Team:KU Leuven/Contribution

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BLADEN contributions


General contribution

We have provided the iGEM community with a foundational project that is worthy of continuation. A lot of brainstorming went into the creation of BLADEN and we hoped to have convinced others to pursue the interesting field of directed evolution in plants. To summarize, we have provided the iGEM community, through our wiki and year-long efforts, with:

  1. The addition of a new, documented open-source software for directed evolution experiments.
  2. A hardware concept that may act as an inspiration for future iGEM teams.
  3. Designed the basis of an experiment that involves the improvement of riboswitches.
  4. A new collection of parts to the parts registry.
  5. An EvolvR manual for directed evolution.
  6. An iGEM alternative Cycle, Story and Tips for school with the same academic schedule as the KU Leuven.

EvolvR manual

As a foundational project, we are developing a new plant biotechnological toolkit for the accelerated continuous directed evolution of plants. This toolkit is based on EvolvR, a CRISPR-based technology, that was first developed in bacteria and has since only been implemented in yeast. We believe that this technology has the potential to advance many areas of biotechnological research and it may have many uses for iGEM teams as well. In this manual, we have described EvolvR and its mechanism in detail to build a better understanding of how to best use it by iGEM teams.

iGEM alternative cycle, story and tips

Let me paint you a picture of the iGEM cycle we think most of the iGEM (former) members will recognize.
Anytime you start a group project of this size, it is easy to get overwhelmed at the beginning and lost on where to start chopping away at the mountain of tasks and deadlines ahead of you. In phase one of the iGEM cycle, you get accepted into a team with people you have never met. The team dynamic is still shaky and uncertain while you search for funding. Next, you start with a cluster of brainstormed ideas, which you have to try and guide through the iGEM process to end up with a fully developed project. Once the project is chosen, team members get assigned to areas where they excel, and milestones are set.

After the exams, when we can step foot in the lab, phase two of the iGEM cycle gets launched. The project is designed further into detail, initial results get obtained after an immense amount of troubleshooting. This often leads to full or partial redesigning of the iGEM project, after which troubleshooting continues. You dive into human practices, education, and communication to bring the project outside of the lab and share the possibilities of synthetic biology with the world. Information from these adventures gets applied back into the lab. Luckily, we often have a group of experts at our disposal who provide us with much-needed experimental and mental health support.

After endless days and nights in the lab, and sharing the project with the outside world, we switch from executing the project to documenting all our accomplishments in the wiki. It is difficult to let the work go, while so many good ideas are being generated in your head. But the finish line is coming closer. Stress starts to run even higher until the wiki and presentation video is uploaded and we can breathe again. Now there’s the judging session and the Giant (online) Jamboree. Here we can defend our project and meet other teams. Stories are exchanged and you learn that we were all in it together and a lot of the issues seem to be similar between the teams.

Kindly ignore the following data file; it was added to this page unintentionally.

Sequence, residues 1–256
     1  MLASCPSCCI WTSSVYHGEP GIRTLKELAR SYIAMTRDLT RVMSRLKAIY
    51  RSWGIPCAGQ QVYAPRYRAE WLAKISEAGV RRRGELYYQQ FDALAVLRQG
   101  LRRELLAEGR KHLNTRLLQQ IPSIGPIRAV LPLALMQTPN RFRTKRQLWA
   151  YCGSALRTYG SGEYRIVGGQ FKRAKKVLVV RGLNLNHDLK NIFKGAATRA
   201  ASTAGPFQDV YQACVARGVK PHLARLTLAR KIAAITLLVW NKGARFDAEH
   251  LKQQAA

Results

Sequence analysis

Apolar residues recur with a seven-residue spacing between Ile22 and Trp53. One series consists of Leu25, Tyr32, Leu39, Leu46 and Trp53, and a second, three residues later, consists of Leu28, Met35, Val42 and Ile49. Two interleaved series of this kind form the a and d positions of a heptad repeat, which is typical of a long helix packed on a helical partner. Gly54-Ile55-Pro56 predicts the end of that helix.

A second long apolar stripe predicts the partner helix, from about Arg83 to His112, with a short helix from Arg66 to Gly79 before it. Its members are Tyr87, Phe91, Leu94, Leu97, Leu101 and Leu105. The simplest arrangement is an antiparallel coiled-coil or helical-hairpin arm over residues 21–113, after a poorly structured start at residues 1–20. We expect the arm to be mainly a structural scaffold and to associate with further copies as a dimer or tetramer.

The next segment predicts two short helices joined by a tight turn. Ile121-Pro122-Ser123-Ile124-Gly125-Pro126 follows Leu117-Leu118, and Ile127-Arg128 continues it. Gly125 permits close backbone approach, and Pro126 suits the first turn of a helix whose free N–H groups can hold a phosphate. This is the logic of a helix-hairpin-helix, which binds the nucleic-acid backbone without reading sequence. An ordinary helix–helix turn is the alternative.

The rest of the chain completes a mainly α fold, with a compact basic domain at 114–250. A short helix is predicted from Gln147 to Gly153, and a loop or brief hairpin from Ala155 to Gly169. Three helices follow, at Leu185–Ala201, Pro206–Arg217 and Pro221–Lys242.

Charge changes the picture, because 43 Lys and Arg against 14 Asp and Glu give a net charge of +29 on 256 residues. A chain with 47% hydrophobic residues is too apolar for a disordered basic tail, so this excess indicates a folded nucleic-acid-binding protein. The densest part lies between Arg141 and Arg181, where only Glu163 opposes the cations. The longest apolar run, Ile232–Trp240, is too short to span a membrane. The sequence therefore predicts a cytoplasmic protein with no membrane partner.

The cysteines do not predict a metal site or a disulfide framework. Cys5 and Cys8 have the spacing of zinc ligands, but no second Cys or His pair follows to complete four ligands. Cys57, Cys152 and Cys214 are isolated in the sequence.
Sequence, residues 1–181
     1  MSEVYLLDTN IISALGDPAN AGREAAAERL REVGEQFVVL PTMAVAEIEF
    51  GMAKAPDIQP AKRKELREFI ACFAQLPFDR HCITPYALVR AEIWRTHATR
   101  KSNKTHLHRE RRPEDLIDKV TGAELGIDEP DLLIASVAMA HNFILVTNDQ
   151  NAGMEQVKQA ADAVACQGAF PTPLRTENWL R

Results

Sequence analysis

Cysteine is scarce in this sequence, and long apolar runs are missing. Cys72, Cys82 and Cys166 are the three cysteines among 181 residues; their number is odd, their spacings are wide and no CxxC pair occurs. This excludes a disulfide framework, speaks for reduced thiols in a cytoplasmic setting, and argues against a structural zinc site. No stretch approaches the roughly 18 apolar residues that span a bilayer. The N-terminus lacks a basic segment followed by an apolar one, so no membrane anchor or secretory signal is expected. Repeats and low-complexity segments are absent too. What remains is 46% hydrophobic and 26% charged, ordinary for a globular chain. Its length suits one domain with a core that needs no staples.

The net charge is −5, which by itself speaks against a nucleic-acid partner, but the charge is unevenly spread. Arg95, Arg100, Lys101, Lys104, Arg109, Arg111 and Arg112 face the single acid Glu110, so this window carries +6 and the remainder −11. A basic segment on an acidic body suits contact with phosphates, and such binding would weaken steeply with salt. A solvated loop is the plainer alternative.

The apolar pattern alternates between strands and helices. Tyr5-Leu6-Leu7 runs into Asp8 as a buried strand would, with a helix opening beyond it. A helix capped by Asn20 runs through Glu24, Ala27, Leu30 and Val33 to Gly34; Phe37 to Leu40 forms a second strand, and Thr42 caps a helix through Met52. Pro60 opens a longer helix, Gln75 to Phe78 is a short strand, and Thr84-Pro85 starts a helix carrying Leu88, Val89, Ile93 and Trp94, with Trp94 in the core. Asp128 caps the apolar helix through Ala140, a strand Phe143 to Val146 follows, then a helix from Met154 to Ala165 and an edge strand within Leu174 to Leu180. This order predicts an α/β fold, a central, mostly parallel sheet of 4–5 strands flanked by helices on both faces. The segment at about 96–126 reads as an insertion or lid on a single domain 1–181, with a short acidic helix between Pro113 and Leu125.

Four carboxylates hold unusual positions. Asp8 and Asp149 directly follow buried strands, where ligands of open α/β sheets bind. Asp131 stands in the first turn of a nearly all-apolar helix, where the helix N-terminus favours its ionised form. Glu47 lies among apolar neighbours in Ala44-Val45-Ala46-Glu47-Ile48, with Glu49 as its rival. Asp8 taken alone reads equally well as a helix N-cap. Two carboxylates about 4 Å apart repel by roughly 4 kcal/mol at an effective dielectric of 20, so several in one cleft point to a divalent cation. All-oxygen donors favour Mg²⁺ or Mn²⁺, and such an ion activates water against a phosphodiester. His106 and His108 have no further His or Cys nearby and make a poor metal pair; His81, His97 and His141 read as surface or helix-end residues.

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Figure 1: Alternative iGEM cycle - Adapted from iGEM Foundation [1]

For us, this process diverges from the traditional iGEM cycle due to our university’s examination period in June. Though our brainstorming was complete, our wet lab work started much later compared to other iGEM teams. Additionally, we have a long re-examination period in August. This meant multiple team members were less available during that time, unsettling the iGEM process even further. Naturally, there are ways to deal with these hurdles. Setting up the lab, working out the experiment plan in detail, and initiating outreach activities that need little follow-up in the short term are some options.

The iGEM experience is very educational, intense, and overwhelming. We learned a lot from this experience, and it would be a waste not to pass on our knowledge on teamwork, project development, and organization. We hope that future iGEM teams can look at these tips and experiences to smoothen out their process.

The iGEM experience is very educational, intense, and overwhelming. We learned a lot from this experience, and it would be a waste not to pass on our knowledge on teamwork, project development, and organization. We hope that future iGEM teams can look at these tips and experiences to smoothen out their process.


  1. Make sure you have a clear team structure, there is no way of understating this. A project often stands or falls with a clearly defined team structure where every member knows what is expected of them. The team captain should be responsible for good communication between and within subteams. They should also keep an eye on deadlines and competition requirements. The subteam leaders are responsible for communication with each other, and for the organization of their subteam. For example, during a WetLab meeting on a particularly cloudy Sunday, the subteam leader and the Wet Lab members decided (sadly) on a deadline for all lab experiments. Through this structure, you make sure every task gets completed, ensure an overview of running projects and responsibilities are divided over the whole team.
  2. Make sure to recruit team members with graphical design, coding, and video editing skills. Preferably more than one to make sure those time-consuming tasks are divided equally and don’t rely on one person.